Thursday, April 22, 2021

A Closer Overview of Breton Costumes, part 1. Leon and Breger - Tregor


Hello all, 

A while ago I did a very general overview of Breton Costumes. Today I would like to revisit the subject in more detail. To that end I present this series of articles. Today, France is divided into départements. These are purely administrative divisions, and do not, for the most part, reflect the traditional culture of France. Because of that I will ignore them, and present the costumes according to the traditional Provinces and regions. Here are two maps of Brittany showing the nine traditional regions in Breton and in French. 


In this article I will present the costumes of the two northwest Bro, or Pays, of Leon and Breger or Tregor. 

The coifs and costumes do not only vary by region, but also by social class [peasant, townswoman], by village, by social occasion, whether regular or special dress, and by time period. One example, the cornet, a large cone shaped coif, was worn in many places for highest dress. Thus, the topic is quite complicated. 

I will be following R. Y. Creston's division of Breton Costumes, which he divided into 66 categories, according to the following map:

The Folk Costumes of Brittany are more numerous and elaborate in the west, in Lower Brittany, where the Celtic culture and language are more alive and active. In Brittany, as also in France, the main distinction between different costumes lies in the coif. All of these developed from the standard mob cap worn in so many places in western Europe. 

Bro Leon

Pays de Léon in French


This is an island off the west coast of Leon, called in French Ouessant, and in English, Ushant. 

Here is a schematic of the coif of Eusa.

Here we see some girls from Ouessant visiting Alsace. 

The more everyday coif consists of a black cap with a large black bow. 

As a symbol of Celtic Heritage, men from Ushant sometimes wear the kilt with their own tartan. 

Lower Leon

The costume of this area is rather simple, as is the coif. Often a very large shawl is worn, possibly to fight the chill of being on the coast, with the pinafore apron pinned over it. The shawl may be richly embroidered, usually in one color to match the shawl. The coif is simple in shape, but may also have embroidery on it. 

Brest & Landerneau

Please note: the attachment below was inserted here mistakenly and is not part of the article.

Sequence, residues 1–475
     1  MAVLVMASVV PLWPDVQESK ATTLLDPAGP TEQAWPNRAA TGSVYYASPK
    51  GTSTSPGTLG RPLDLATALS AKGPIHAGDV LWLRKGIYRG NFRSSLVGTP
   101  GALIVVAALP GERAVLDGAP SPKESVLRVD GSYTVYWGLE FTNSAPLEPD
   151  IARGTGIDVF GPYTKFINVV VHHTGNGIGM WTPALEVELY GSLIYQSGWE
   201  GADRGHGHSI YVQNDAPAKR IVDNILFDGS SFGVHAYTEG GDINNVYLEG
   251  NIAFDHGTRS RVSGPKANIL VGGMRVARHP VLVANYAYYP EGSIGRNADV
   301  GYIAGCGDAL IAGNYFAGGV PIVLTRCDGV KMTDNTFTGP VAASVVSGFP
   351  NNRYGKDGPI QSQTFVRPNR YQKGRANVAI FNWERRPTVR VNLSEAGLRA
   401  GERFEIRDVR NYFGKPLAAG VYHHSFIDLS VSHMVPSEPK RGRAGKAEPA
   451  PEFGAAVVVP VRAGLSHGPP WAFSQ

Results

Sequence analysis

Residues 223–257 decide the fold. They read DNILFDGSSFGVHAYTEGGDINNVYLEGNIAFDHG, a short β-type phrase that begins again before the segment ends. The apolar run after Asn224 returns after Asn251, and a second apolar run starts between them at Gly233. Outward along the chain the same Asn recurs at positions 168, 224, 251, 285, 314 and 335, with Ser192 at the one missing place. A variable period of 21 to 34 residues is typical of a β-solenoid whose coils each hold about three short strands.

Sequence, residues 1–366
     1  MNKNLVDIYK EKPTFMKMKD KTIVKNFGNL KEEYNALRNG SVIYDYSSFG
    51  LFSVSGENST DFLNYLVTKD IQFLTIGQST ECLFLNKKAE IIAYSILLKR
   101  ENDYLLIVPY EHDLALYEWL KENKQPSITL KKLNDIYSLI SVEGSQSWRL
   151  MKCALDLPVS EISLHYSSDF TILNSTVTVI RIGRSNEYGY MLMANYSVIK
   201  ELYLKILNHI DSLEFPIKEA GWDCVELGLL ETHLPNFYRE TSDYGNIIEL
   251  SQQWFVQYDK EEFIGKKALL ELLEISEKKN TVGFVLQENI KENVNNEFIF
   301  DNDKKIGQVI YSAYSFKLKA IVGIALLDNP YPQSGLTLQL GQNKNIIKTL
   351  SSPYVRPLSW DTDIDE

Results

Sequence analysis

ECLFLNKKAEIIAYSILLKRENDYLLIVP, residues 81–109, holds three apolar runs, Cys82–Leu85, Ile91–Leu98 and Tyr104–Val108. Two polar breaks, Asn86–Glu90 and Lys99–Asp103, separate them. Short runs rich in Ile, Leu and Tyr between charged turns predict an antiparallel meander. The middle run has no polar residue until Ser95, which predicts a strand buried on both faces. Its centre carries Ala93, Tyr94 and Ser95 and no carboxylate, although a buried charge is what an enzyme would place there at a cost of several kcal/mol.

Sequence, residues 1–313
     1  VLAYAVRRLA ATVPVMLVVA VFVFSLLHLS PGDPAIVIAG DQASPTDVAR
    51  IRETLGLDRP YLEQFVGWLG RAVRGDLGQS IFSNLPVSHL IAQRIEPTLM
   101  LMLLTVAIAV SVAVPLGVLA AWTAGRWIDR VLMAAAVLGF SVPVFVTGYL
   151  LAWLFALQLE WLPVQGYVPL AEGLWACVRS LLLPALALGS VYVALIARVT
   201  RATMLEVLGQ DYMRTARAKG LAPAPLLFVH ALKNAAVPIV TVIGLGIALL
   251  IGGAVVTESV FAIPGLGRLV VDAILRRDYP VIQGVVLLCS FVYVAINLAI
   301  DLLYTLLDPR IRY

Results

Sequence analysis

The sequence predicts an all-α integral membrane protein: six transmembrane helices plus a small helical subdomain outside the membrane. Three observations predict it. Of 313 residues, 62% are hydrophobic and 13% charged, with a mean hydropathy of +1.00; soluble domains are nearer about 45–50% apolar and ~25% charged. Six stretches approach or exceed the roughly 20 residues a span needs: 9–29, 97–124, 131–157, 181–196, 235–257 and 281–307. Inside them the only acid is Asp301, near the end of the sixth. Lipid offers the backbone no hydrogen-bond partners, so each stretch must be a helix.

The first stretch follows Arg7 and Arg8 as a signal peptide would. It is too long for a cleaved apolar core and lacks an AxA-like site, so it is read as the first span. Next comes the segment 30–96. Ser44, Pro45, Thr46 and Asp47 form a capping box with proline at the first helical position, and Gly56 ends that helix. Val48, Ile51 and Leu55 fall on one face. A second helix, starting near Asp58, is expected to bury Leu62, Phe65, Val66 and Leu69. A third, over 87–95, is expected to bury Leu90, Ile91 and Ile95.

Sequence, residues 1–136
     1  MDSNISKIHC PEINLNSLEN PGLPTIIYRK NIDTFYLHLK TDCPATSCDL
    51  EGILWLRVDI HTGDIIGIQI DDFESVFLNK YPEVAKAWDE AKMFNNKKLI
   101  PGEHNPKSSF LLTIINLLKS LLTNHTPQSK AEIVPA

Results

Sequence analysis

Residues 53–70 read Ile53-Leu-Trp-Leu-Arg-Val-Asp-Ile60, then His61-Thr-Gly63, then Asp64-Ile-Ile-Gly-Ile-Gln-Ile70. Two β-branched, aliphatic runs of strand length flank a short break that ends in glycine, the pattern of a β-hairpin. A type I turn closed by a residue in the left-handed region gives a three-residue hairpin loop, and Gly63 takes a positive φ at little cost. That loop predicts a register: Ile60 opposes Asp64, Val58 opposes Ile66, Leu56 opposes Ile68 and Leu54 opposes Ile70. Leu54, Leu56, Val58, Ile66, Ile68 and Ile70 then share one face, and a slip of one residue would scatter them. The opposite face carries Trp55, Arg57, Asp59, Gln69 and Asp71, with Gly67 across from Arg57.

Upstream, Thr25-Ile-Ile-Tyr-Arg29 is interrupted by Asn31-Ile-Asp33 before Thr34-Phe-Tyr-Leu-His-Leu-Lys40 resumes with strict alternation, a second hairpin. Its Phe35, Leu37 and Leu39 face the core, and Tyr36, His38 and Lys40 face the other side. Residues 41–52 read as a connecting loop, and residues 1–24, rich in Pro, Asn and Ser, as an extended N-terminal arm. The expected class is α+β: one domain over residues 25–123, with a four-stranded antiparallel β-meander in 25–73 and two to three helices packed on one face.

The cities of Brest and Landerneau, together with some locations in the countryside are home to a unique coif worn by townswomen. 

Other women in the villages wore the coif of Lower Leon in the west, 

Or Upper Leon in the east. 

Upper Leon

The costume of Upper Leon is also rather simple, and the coif is similar to that of Lower Leon, except that it has two lace bands that stand up from the coif on either side. 


In Pays Pagan, they often wear the 19th cent. version of the costume, which was very colorful. For some reason in the 20th cent. the colors changed to black and subdued hues.

Here is a view of the back of the coif. 

In some communities they use a more modern version of the costume. Also, in some communities the cornet style coif is used. In this first image, we can see the bonnet worn by young girls. This is a very common usage. The very large Leonese shawl is still in evidence.

Here we can see women from three different communities. 

Saint Pol de Leon

In Saint Pol, the costume is similar to that of Pays Pagan, but the coif is shorter, and of a different shape. 

The cornet is sometimes used in this region as well. Here is a photo of a triple wedding in the more sober colors of the 20th cent. 

Later in the 20th cent the coif became very simple. It sometimes had two peaks. 

Ile de Batz

Not to be confused with Bourg de Batz, which is on the southern coast. The coif of the island is distinguished by its double peak, similar to some on the mainland coast.


The coif of Taule started out very similar to that of St. Pol. 

The modern coif has become very small, and is little worn. 

In Henvic, the coif is a bit different. 


In Morlaix, the typical coif of the region had the back of the cap extended, forming a sort of bag that hangs off the rear of the coif. 

The formal coif is similar to that of Tregor, where two lappets are pinned to the top. 


Le Trégor in French

The costume region does not exactly correspond to the borders of the province. 

Tregor seems to have the same costume over all of its territory with minimal changes. The costume also extends into northwestern Goelo and part of Gernew or Cornouaille. The coif, toukenn, consists of a small bag with two pointed extensions. The exact angle and width varies with locality,. 

The formal coif, katiolle, has large wings pinned to the top. 

Ile de Brehat

The costume of the Isle of Brehat is practical and workaday. 

That is enough for the first part of this article. 
Thank you for reading, I hope that you have found this to be interesting and informative. 

Roman K. 


Source material:
Victor Lhuer, 'Les Costumes Bretons', 2001
Pierre Jakez Helias, 'Coiffes et Costumes de Bretagne', Chateaulin, 1983
Josepj Jigourel & Yanna Fournier, 'Costumes de Bretagne', Brest, 2000
Bruno Helias, 'Breton Costumes', Florence, 1997
Yann Guesdon, 'Costumes de Bretagne', Quimper, 2011